Glen Duncan is a British author born in 1965 in Bolton, Lancashire, England to an Anglo-Indian family. He studied philosophy and literature at the universities of Lancaster and Exeter. In 1990 Duncan moved to London, where he worked as a bookseller for four years, writing in his spare time. In 1994 he visited India with his father (part roots odyssey, part research for a later work, The Bloodstone Papers) before continuing on to the United States, where he spent several months travelling the country by Amtrak train, writing much of what would become his first novel, Hope, published to critical acclaim on both sides of the Atlantic in 1997. Duncan lives in London.
Recently, his 2002 novel I, Lucifer has had the film rights purchased, with actors such as Ewan Mcgregor, Jason Brescia, Jude Law, Vin Diesel, and Daniel Craig all being considered for roles in the forthcoming movie. I, Lucifer is a fictional work in which the protagonist is Lucifer himself. The premise is that he has been given a month to live in mortal form to get himself back into God's good graces before the end of the world.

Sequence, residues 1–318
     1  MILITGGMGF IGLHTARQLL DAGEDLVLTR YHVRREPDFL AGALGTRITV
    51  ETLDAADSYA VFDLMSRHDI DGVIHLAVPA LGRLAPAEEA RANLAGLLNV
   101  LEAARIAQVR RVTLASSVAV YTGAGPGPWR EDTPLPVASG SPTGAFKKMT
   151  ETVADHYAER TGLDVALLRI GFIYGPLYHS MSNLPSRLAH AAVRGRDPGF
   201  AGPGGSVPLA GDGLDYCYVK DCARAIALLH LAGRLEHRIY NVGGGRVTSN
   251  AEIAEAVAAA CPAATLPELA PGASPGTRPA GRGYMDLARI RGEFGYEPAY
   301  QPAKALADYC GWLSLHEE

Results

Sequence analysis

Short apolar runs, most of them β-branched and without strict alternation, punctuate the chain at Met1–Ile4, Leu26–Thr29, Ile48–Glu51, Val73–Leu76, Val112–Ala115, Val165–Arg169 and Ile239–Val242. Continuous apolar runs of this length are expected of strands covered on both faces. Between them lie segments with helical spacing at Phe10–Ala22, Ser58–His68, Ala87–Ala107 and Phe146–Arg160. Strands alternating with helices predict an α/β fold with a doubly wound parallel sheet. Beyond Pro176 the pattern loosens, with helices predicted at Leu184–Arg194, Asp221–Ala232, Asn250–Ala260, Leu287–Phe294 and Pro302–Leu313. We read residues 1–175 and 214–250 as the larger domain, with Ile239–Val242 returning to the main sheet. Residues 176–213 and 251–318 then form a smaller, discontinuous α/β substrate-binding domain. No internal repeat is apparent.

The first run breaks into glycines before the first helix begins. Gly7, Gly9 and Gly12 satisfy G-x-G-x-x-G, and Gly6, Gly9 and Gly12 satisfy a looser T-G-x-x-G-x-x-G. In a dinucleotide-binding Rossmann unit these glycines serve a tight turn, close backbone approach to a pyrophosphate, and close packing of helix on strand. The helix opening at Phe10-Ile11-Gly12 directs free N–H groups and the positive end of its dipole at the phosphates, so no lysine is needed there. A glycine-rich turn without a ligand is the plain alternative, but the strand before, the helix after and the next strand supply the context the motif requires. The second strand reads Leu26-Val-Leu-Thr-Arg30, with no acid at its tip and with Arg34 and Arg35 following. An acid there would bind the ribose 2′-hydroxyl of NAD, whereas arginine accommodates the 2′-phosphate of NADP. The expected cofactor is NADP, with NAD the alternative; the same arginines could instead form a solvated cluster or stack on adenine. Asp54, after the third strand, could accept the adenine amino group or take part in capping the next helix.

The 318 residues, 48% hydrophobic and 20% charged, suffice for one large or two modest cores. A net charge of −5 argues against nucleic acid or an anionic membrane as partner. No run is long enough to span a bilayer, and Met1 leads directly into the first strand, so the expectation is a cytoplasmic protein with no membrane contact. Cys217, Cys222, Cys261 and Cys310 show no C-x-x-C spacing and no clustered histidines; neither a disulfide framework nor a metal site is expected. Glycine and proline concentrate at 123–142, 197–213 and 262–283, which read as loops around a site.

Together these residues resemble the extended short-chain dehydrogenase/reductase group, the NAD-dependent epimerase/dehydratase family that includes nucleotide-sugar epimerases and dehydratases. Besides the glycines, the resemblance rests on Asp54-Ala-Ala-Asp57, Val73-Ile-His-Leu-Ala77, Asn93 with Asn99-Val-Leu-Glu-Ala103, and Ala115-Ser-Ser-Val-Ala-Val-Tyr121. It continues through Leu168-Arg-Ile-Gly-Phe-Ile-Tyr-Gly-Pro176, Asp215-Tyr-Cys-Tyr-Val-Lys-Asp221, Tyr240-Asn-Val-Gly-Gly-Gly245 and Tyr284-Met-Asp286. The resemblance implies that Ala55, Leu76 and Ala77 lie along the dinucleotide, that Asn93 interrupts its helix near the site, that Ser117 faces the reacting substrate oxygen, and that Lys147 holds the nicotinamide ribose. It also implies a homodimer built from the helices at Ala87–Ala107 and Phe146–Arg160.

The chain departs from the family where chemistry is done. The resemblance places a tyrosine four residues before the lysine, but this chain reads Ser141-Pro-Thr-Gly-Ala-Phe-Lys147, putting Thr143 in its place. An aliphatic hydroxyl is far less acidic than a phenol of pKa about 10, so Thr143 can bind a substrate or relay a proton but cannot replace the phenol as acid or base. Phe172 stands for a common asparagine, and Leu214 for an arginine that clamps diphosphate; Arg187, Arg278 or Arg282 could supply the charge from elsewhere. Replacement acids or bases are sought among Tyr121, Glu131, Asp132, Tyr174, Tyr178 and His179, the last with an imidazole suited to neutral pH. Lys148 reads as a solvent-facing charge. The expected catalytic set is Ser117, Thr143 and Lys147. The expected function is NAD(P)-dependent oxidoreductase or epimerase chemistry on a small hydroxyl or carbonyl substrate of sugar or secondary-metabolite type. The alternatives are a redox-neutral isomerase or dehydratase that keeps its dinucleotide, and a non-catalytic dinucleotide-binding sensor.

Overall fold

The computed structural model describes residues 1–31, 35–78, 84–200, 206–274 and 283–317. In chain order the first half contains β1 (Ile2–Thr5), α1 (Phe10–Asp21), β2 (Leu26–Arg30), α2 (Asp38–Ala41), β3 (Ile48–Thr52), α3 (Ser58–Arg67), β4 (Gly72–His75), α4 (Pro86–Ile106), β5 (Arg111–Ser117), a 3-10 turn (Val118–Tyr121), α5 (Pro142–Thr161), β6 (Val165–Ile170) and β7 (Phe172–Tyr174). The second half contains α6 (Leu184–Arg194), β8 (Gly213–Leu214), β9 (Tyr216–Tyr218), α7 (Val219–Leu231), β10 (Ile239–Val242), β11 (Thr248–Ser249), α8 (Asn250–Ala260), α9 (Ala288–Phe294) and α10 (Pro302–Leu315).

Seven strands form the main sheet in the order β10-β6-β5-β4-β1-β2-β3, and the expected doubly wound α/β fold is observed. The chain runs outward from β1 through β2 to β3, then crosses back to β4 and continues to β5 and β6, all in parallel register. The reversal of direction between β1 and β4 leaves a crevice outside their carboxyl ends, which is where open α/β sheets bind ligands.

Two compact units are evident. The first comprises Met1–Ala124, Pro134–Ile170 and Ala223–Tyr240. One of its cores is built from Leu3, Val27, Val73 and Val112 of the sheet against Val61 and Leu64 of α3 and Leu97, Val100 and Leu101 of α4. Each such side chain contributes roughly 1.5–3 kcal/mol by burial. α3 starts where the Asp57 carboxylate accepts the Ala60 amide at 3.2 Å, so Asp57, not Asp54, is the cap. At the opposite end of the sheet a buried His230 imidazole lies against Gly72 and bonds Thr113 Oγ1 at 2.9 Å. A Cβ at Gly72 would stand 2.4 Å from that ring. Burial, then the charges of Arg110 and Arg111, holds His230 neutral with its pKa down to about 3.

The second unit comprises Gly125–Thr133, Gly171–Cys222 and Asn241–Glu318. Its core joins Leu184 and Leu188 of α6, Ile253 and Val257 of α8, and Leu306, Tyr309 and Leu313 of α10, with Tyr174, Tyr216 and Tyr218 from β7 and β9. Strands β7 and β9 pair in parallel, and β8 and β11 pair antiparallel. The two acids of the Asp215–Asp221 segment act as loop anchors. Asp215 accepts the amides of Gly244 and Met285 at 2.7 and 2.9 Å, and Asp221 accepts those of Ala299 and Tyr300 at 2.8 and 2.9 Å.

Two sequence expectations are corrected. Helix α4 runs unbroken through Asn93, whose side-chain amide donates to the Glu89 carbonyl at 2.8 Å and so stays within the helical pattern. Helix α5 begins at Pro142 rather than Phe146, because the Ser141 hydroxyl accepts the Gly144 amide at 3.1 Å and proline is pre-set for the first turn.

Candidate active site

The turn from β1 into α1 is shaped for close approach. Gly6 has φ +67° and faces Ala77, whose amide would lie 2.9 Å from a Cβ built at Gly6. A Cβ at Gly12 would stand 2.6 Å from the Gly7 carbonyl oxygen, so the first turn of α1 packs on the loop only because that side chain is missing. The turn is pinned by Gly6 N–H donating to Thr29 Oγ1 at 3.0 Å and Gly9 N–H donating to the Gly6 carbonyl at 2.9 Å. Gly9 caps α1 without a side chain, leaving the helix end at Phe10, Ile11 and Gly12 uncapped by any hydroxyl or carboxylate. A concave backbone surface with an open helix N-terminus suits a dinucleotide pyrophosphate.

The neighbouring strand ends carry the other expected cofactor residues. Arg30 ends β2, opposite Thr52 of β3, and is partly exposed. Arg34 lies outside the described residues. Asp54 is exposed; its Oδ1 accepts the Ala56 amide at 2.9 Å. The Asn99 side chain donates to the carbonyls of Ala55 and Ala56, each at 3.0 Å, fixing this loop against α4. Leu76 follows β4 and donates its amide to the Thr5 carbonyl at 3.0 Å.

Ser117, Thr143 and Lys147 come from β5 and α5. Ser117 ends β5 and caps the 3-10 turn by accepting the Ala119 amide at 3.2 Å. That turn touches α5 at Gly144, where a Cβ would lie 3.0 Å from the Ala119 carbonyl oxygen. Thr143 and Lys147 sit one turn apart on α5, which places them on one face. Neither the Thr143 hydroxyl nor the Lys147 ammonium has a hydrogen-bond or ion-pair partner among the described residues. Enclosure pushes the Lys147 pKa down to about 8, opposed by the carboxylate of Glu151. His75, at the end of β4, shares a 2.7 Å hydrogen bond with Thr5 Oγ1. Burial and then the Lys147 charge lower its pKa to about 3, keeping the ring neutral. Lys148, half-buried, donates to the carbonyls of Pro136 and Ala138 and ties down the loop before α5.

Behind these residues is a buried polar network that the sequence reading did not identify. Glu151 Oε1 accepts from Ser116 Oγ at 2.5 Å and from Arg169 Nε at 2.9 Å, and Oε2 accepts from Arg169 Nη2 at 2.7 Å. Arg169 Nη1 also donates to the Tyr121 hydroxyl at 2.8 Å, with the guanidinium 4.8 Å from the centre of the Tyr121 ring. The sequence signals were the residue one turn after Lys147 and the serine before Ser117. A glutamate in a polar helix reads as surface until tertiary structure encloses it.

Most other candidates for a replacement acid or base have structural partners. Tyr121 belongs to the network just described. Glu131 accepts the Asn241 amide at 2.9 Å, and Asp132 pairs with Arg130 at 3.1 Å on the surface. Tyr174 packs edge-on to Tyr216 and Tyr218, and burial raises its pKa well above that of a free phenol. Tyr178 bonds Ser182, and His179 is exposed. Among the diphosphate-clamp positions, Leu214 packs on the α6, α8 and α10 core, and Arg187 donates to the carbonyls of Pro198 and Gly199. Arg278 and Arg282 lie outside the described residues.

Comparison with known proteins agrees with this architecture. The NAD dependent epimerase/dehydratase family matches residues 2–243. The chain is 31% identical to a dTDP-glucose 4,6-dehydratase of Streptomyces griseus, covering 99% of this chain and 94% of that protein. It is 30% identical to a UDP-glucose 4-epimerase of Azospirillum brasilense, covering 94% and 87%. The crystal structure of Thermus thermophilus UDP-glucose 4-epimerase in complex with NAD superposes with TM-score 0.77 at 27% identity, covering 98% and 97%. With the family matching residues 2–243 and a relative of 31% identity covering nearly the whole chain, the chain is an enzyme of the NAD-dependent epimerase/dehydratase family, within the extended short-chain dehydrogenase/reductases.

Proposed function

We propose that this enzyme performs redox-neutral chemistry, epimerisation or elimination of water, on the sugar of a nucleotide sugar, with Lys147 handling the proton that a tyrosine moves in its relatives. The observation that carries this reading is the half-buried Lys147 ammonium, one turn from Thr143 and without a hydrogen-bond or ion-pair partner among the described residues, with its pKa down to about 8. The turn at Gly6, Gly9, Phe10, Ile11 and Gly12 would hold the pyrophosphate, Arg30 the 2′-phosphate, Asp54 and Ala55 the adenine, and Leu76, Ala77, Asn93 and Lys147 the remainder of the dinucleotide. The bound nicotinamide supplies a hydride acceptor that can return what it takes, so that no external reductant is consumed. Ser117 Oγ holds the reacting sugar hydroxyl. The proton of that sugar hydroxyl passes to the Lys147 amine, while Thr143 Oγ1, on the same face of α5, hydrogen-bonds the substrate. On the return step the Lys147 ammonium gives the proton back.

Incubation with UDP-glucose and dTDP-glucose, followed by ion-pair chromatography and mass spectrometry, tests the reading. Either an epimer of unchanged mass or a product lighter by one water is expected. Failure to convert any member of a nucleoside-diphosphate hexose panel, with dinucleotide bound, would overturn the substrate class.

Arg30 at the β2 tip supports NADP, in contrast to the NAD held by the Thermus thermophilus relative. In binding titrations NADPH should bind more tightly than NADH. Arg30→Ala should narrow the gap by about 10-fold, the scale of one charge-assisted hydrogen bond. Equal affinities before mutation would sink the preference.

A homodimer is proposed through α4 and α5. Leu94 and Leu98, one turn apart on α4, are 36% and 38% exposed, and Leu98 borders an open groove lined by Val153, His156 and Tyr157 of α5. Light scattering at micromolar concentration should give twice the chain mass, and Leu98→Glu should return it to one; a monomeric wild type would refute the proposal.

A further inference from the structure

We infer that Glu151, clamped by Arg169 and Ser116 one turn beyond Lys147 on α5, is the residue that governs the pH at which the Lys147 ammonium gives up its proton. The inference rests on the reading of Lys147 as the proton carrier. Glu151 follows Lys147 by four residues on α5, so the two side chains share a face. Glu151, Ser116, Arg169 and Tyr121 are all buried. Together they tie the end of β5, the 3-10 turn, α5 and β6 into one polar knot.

According to William Skidelsky in The Guardian, Duncan "specialises in writing novels that can't easily be pigeon-holed." Similarly, David Robson in The Telegraph has noted that Duncan is "an idiosyncratic talent", adding,"You never know quite which way he is going to turn." 
- Hope (1997)
- Love Remains (2000)
- I, Lucifer (2002)
- Weathercock (2003)
- Death of an Ordinary Man (2004)
- The Bloodstone Papers (2006)
- A Day And A Night And A Day (2009)
- The Last Werewolf (April 2011)
- Talulla Rising (June 2012)
- By Blood We Live (expected 2013)
- British Council. "Glen Duncan | British Council Literature". Contemporarywriters.com. Retrieved 2011-10-30.
- Duncan, Glen (2007-11-18). "Lives - India - New York Times". India;London (England): Nytimes.com. Retrieved 2011-10-30.
- William Skidelsky (2009-03-15). "William Skidelsky meets Glen Duncan, the man in black | Books | The Observer". London: Guardian. Retrieved 2011-10-30.
- Books (2004-08-01). "Funeral wrongs". London: Telegraph. Retrieved 2011-10-30.
- New York Times Magazine essay
- Interview With Scene Missing Magazine
- Feature on Duncan's novel The Bloodstone Papers
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